Otherwise, an employee will question why they’re putting in so much effort, particularly if they don’t own any equity in the company.

To ensure workers stay star workers — and that they remain with the company — business leaders have formalized workplace appreciation into employee recognition programs.

Employee recognition programs have a demonstrably positive impact.

Productivity, engagement, and performance levels in companies with recognition programs trump companies without recognition programs by 14%.

In turn, a 15% increase in engagement levels can cause a 2% increase in profit margins.

What’s more, Deloitte’s Talent 2020 Survey found that recognition is among the top three most effective non-financial methods of retention.

Employee recognition is also important due to the changing work landscape.

Previously, companies had more money to throw around. Today, they’re trying to get by with fewer workers, slimmer salaries, and small or non-existent bonuses.

In addition, companies are shifting from hierarchical structures to flat organizational structures that prioritize collaboration and teamwork.

As a result, there are fewer promotion opportunities. Traditionally, the prospect of a promotion was a strong motivating factor to increase individual contributions. All of these changes make employee recognition programs more and more important for engaging and retaining employees.

Opportunities for personal and professional growth

Technology is evolving at a rapid pace. This is disrupting standard procedures in organizations.

Companies no longer have a firm understanding of future needs, so it’s harder to design linear career paths.

Instead, they need to quickly pivot every few years to hire employees who possess a set of skills that weren’t even on the radar a couple years back.

Ambitious, proactive employees are not content to rest on their laurels.

They want to “future proof” their careers by equipping themselves with skills in the latest technologies.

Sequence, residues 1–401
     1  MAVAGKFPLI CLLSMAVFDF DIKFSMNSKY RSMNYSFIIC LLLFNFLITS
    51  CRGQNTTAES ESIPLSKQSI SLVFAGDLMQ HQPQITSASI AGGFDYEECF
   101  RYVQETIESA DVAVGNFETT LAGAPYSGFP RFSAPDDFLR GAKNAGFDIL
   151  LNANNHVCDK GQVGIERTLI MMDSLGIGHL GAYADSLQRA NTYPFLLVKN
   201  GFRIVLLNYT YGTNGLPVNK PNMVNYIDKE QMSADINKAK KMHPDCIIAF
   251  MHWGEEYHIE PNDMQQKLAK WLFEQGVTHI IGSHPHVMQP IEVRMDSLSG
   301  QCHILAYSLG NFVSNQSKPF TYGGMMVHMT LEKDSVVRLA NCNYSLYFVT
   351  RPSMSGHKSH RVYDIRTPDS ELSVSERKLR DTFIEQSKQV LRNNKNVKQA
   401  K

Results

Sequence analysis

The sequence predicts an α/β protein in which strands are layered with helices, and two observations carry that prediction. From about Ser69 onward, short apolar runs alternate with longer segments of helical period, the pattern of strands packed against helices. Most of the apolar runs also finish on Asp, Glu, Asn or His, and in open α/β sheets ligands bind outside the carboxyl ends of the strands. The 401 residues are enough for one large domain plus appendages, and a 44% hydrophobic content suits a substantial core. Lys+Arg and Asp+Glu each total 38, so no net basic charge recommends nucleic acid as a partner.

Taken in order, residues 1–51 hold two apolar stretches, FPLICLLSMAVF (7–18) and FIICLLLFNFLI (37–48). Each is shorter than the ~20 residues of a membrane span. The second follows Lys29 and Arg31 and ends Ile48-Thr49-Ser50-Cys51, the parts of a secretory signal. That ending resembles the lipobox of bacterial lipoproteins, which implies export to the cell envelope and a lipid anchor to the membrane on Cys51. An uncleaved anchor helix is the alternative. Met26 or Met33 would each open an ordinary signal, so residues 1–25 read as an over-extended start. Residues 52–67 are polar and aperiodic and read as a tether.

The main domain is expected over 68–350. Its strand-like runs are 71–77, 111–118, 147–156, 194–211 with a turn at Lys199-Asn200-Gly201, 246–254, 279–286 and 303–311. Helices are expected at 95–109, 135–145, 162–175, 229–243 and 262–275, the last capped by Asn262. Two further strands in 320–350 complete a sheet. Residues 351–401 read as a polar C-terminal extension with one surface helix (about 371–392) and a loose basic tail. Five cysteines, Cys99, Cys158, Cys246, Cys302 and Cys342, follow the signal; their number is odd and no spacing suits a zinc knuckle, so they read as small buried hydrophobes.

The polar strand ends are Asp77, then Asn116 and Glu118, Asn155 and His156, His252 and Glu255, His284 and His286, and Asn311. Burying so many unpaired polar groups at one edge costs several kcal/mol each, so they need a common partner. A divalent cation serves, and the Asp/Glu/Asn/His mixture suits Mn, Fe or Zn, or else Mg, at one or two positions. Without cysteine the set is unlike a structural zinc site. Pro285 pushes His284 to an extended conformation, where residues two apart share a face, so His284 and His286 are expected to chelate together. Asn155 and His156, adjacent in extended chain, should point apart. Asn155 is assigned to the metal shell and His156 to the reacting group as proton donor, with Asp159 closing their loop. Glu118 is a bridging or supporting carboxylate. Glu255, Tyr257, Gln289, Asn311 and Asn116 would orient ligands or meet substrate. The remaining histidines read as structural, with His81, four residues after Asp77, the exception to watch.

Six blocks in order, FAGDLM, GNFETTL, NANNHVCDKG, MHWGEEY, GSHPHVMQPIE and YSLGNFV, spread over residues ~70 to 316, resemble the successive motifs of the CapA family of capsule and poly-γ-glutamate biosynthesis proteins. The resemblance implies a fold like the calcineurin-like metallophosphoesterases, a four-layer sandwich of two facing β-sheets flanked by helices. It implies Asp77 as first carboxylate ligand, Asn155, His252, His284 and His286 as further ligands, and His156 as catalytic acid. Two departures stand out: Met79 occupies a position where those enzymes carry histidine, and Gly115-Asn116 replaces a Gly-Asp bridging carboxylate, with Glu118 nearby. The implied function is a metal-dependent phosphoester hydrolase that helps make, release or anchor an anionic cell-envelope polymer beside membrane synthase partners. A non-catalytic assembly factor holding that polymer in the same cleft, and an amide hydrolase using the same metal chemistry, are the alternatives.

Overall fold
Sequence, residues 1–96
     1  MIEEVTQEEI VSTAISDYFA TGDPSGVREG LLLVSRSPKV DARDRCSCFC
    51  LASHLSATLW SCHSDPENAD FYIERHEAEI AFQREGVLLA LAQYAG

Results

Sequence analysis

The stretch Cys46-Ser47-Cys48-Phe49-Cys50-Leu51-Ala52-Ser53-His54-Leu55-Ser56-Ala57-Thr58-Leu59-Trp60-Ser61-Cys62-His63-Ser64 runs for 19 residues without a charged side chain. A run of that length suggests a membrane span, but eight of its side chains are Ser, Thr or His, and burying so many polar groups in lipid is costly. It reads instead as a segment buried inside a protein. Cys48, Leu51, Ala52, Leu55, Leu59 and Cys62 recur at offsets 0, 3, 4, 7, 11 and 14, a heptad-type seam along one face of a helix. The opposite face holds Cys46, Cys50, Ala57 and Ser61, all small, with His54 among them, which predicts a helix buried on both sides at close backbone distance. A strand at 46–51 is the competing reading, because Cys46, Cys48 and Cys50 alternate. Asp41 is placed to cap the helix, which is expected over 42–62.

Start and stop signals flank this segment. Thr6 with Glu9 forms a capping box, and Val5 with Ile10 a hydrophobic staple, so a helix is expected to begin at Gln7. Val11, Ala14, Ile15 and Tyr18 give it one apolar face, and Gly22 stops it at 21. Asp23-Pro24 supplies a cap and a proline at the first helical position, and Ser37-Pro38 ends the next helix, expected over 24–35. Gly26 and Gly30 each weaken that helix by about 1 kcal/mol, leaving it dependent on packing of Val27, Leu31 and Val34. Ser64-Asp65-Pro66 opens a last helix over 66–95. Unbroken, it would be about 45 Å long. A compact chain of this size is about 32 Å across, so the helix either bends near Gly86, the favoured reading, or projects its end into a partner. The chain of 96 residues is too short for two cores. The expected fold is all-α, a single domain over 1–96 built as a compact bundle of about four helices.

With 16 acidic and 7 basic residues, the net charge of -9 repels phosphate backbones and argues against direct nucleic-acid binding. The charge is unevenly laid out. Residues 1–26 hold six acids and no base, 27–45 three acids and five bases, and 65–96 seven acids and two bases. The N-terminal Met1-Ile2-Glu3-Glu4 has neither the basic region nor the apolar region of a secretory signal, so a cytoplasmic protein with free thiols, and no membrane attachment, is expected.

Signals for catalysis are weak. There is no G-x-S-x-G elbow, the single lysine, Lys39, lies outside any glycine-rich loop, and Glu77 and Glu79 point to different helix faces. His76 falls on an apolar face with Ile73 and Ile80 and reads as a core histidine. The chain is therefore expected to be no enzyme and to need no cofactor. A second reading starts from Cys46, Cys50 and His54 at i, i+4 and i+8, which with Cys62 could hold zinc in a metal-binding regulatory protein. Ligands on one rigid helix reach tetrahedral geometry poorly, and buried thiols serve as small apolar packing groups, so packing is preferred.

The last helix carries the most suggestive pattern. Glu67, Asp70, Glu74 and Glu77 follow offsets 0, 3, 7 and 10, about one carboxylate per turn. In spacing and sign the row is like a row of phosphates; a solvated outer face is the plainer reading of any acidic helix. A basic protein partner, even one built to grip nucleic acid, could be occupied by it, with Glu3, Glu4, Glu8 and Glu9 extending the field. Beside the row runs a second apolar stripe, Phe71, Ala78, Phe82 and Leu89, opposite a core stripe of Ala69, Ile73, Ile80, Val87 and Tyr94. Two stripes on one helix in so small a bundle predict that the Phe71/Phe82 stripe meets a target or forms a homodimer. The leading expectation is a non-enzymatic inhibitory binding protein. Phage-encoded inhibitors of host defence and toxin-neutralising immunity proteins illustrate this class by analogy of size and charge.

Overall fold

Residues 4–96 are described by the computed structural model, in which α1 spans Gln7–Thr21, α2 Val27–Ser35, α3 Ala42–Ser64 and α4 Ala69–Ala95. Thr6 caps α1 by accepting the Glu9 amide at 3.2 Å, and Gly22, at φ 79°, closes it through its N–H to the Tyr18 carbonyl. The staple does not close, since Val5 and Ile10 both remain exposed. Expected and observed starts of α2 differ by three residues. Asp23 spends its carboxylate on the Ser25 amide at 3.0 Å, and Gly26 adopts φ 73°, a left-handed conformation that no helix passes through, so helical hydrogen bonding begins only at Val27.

When companies don’t provide these opportunities, these individuals pursue them on their own through courses outside the workplace.

On the face of it, this may sound like a win-win for employers. They get the benefits of a diversified workforce without paying for it.

On the contrary, there’s no guarantee that those employees will stay once they’ve upgraded for a few key reasons.

For one thing, a lack of internal development opportunities suggests that their company doesn’t have a long-term vision.

For another thing, their new skills will leave them eager to find a new, higher-paying job outside of their current company. Switching jobs is one of the fastest ways to bump up your salary.

On the other hand, a company that provides internal development opportunities demonstrates to its employees that they’re thinking about their long-term career progression and job security.

Plus, they can show how these learning opportunities tie into career opportunities. For instance, a specific management program may be one way individual contributors can move into team lead roles.

Positive and supportive manager-employee relationships

Did you know that your company’s growth is tied to the quality of your managers?

This is according to a decade’s worth of research at Gallup. In fact, the study showed that it accounted for up to 70% of the variance in productivity levels.

If you’re trying to build a winning organization, hiring great managers means most of your work is done.

And when they’re talking about managers, they’re not talking about executives. They’re talking about team leads and middle management.

There are many qualities that great managers share.

They eliminate obstacles, but they don’t micromanage.

They provide professional development opportunities while being honest about promotion timelines.

They communicate goals clearly and give employees opportunities to prove themselves.

But there’s another big thing that great managers do. They inspire their team.

Today’s workers have higher expectations about their jobs. They want fulfillment, and they’re just not getting it, leading to a problem some have called the “inspiration gap”.

Great managers also get to know their direct reports on a personal level.

They learn about their goals and ambitions and what’s important to them outside of work. In fact, research shows that managers who get to know their team members on a personal level help prevent toxic work environments.

They do this by practicing what researchers at San Diego State University call “ethical leadership”. This is a form of management that prioritizes two-way communication, providing positive reinforcement, and serving as a source of emotional support.